SCIUTTO: Well, that means there's no Senate voice on this, right? I mean, there's a reason you have Senate-approved positions so that elected members of the Senate can have a voice on these appointments -- acting do not.

When you have an acting position that's the president's choice and they could stay there -- there's a time limit on it, but remember this is a president who has loads of unfilled positions at very senior levels, but also loads of acting positions and therefore the Senate doesn't have a chance to pipe in.

That's crucial in this case because it's our (ph) reporting that even Republican Senators have communicated to the White House that they do not believe Rick Grenell has the experience necessary to do it. Keep in mind, that there were sitting Senators today who were involved in writing the 2004 act that established this position. They know, and they wrote the law so that you put someone in that role who is up to the role.

BERMAN: Jim Sciutto, always appreciate you waking up a little bit extra early--

SCIUTTO: I'll do it for you guys.

BERMAN: --to be on our show (ph). Look, it's important -- it's important to point out, as you point out sometimes we get numb to certain things, but it matters.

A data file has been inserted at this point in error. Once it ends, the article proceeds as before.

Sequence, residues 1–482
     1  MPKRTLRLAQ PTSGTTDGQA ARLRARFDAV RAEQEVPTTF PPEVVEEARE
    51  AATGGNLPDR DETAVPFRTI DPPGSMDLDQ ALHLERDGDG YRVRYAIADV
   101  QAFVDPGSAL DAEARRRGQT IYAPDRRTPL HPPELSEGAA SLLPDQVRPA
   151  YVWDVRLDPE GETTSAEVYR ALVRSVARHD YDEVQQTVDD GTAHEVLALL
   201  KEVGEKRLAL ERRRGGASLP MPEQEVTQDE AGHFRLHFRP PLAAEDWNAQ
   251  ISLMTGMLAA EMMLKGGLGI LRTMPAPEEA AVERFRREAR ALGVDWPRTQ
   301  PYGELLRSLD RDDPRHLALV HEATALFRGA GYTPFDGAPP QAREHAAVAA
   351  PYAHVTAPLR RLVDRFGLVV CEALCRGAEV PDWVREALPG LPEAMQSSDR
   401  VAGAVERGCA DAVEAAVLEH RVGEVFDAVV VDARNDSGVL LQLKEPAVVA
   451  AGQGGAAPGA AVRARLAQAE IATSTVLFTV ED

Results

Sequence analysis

SCIUTTO: And it's part of a broader pattern we could (ph) see, particularly in the last couple of weeks since the president's acquittal that you have him putting loyalists in to positions. This is -- you know, look at the big picture here and connect the dots, and I think it's important that we do that.

BERMAN: All right, Jim, thanks so much.

SCIUTTO: Thank you.

CAMEROTA: All right. John, as you know overnight President Trump again floated the idea of a pardon for his long-time friend Roger Stone. A judge will decide Stone's fate today. Stone was found guilty of witness tampering and lying to investigators. Joining us now is CNN Chief Legal Analyst Jeffrey Toobin.

Jeffrey, is there any doubt in your mind that President Trump will pardon Roger Stone?